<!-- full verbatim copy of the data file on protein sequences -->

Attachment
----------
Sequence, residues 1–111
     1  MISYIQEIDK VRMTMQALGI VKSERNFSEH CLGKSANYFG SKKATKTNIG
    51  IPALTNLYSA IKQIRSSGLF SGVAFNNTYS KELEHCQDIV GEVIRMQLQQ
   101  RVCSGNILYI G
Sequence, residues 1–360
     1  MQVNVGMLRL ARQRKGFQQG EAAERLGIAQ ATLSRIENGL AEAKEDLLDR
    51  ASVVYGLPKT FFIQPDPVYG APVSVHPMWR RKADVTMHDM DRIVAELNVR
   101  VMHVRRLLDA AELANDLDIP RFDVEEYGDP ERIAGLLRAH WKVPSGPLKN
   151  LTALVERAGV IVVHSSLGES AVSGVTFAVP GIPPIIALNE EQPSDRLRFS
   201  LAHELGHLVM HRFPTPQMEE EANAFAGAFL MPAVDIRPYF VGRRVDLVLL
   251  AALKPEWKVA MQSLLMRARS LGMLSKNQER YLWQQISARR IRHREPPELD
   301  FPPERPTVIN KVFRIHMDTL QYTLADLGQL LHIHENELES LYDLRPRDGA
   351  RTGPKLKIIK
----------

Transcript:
Sequence, residues 1–111
     1  MISYIQEIDK VRMTMQALGI VKSERNFSEH CLGKSANYFG SKKATKTNIG
    51  IPALTNLYSA IKQIRSSGLF SGVAFNNTYS KELEHCQDIV GEVIRMQLQQ
   101  RVCSGNILYI G
Sequence, residues 1–360
     1  MQVNVGMLRL ARQRKGFQQG EAAERLGIAQ ATLSRIENGL AEAKEDLLDR
    51  ASVVYGLPKT FFIQPDPVYG APVSVHPMWR RKADVTMHDM DRIVAELNVR
   101  VMHVRRLLDA AELANDLDIP RFDVEEYGDP ERIAGLLRAH WKVPSGPLKN
   151  LTALVERAGV IVVHSSLGES AVSGVTFAVP GIPPIIALNE EQPSDRLRFS
   201  LAHELGHLVM HRFPTPQMEE EANAFAGAFL MPAVDIRPYF VGRRVDLVLL
   251  AALKPEWKVA MQSLLMRARS LGMLSKNQER YLWQQISARR IRHREPPELD
   301  FPPERPTVIN KVFRIHMDTL QYTLADLGQL LHIHENELES LYDLRPRDGA
   351  RTGPKLKIIK